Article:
Items to Review as You Step into Retirement
Key Points – Items to Review as You Step into Retirement
- Considering Your Retirement Goals
- What Are Your Plans for Health Care?
- How Will You Source Your Retirement Income?
- Developing a Long-Term Tax Plan
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Items to Review as You Step into Retirement
As you think about items to review as you step into retirement, have you thought about what you want to do in retirement? Sure, it can be a big relief to no longer be working and to do what you want to do because it’s what you want to do and not for a paycheck. That’s what Dean Barber likes to call financial independence.
But if you want to retire successfully, you need to build a financial plan that considers your goals for retirement as well as critical financial planning components such as taxes, estate planning, risk management, and investments.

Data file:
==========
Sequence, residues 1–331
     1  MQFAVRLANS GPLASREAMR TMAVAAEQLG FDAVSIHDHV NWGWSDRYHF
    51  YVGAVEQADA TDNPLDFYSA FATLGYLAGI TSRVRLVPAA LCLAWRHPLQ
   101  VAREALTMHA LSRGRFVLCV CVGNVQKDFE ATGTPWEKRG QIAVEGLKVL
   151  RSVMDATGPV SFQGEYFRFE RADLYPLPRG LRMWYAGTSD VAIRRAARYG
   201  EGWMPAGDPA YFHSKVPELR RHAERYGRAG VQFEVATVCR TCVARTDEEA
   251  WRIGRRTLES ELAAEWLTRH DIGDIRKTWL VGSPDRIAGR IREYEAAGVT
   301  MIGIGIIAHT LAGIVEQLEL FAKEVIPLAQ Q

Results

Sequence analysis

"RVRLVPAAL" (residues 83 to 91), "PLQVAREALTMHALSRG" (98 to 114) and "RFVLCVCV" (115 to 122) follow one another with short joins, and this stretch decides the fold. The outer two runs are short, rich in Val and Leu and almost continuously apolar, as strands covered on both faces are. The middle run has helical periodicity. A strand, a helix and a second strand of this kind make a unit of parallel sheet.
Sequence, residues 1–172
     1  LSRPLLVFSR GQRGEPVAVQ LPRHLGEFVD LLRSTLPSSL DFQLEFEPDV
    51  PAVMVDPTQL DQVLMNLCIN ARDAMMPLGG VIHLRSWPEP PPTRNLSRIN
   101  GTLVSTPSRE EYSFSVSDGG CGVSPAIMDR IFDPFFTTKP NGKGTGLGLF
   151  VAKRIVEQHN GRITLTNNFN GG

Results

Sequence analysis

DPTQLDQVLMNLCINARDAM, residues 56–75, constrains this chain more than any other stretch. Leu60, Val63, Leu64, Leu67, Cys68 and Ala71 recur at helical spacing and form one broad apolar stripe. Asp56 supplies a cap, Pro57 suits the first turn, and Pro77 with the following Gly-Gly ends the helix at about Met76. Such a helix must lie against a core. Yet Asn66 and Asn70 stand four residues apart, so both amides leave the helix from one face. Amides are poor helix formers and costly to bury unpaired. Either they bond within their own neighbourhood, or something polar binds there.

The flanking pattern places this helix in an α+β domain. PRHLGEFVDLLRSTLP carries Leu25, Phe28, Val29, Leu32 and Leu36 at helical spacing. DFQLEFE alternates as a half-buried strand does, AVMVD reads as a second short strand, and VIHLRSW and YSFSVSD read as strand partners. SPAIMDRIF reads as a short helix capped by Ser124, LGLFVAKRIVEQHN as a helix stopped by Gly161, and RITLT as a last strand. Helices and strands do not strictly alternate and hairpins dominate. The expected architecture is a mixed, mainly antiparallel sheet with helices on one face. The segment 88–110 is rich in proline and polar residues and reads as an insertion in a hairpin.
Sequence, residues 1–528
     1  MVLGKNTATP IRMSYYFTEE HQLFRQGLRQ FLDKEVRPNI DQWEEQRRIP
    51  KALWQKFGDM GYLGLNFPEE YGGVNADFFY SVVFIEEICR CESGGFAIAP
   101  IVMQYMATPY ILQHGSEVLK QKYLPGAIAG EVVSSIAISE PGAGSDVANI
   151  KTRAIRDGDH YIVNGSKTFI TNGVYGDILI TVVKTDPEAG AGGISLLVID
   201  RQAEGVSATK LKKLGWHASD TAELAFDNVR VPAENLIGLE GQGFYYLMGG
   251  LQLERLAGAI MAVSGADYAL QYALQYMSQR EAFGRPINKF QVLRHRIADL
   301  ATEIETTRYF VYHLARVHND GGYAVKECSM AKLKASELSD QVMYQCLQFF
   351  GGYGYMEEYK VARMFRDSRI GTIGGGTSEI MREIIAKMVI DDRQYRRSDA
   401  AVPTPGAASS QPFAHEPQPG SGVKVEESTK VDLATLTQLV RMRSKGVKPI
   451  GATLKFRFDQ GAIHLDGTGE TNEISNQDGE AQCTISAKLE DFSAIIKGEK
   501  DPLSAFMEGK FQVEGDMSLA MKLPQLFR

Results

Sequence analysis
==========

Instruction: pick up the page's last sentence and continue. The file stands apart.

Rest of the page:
Believe it or not, but stepping into retirement sometimes isn’t as simple as it sounds. That’s especially true if you don’t plan for your retirement. That’s why Logan DeGraeve is going to review some items to consider as you step into retirement so it will feel seamless.
What Are You Going to Do in Retirement?
You’ve worked for most of your life. It’s about time to enjoy what you saved for and let your money start working for you. The biggest thing is figuring out what you’re going to do.
“I hope you’re thinking about that prior to retirement. Five to 10 years before retirement, you need to ask yourself, ‘What do I want to do when I retire?’ It’s time to take action on that.” – Logan DeGraeve
Front Loading Your Retirement